Chris Natzke 26:09
Your company is a reflection of what you’re demonstrating on the top.
Chris Natzke 29:36
Small actions done consistently over time, compound in huge results.
Chris Natzke 31:02
We may not have 100% control over what occurs in our life, but we always have 100% control on how we respond to it.
Chris Natzke 31:12
A reaction is something that occurs from an emotional, guttural level, if you will. And it’s basically out of our control. But a response is something that we actually are mindful about.
Chris Natzke 31:28
Whether it’s in a confrontation we might have, or it’s a stressful situation, or it’s something that it’s really challenging us, we may not be able to change the outcome, but we always have the ability to respond to it in a productive way.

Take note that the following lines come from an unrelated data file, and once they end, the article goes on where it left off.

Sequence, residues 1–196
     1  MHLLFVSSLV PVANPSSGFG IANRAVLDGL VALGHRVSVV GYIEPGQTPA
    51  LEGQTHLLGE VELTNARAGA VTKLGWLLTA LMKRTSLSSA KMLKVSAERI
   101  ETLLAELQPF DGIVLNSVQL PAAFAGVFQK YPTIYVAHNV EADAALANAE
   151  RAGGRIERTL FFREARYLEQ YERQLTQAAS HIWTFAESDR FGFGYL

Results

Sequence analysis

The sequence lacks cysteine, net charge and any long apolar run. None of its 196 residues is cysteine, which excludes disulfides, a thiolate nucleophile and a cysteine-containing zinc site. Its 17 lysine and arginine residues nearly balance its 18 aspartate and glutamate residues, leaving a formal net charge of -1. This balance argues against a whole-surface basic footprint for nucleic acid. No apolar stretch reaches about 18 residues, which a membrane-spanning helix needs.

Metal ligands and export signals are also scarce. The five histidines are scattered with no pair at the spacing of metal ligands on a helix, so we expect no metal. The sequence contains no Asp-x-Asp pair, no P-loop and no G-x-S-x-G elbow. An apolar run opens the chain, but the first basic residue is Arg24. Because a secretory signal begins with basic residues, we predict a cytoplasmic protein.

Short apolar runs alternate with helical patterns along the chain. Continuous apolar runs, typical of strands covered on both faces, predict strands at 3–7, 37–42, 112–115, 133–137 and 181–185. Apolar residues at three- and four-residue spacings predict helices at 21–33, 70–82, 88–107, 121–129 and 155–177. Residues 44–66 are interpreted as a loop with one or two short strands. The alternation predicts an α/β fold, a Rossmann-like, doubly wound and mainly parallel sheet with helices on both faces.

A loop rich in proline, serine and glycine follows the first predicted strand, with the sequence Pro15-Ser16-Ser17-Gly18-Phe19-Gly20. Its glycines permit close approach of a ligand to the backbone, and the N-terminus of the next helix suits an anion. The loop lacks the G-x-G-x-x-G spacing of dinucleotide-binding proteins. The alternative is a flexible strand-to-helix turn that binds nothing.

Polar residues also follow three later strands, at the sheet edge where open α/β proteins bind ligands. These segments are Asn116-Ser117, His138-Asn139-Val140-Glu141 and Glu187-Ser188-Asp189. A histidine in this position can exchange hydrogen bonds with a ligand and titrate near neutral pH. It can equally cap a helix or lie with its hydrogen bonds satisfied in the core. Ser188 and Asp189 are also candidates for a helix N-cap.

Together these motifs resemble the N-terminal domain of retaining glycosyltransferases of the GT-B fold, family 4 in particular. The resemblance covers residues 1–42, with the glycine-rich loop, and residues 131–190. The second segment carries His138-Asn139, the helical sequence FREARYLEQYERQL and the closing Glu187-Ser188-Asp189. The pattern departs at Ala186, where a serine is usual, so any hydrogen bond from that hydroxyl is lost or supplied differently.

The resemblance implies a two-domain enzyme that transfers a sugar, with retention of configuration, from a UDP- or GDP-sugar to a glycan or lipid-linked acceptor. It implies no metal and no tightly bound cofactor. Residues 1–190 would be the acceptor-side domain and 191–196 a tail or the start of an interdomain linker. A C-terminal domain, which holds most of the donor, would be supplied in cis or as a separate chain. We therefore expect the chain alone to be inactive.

Chris Natzke 32:42
Having a plan for when things come up, helps us be able to get out of that emotional state, and be able to take good action if we have something planned in advance.
Chris Natzke 33:02
The adrenal response when someone is attacked was actually put into ourselves as a means of protecting us. It was there to help us, which is where fight or flight comes from. But what’s happened over Millennium, is we’ve developed a third response, which is freeze. And that’s what many of us do, and we’re dealing with struggle, and we’re dealing with stressful situations. So, one of the first things that I do in that case, encourage people to be calm and breathe. One of the first things you can do.
Chris Natzke 33:45
When you’re in that stressful situation in the business world, take some time to be calm and breathe, and then look at it as best you can, objectively without the story. Because so many times it’s easy to get into the story. This is what he said, This is what she did, versus pulling back and going, what’s really occurring here. And when you can look at what’s really occurring now, you can start making some empowered choices.
Chris Natzke 34:58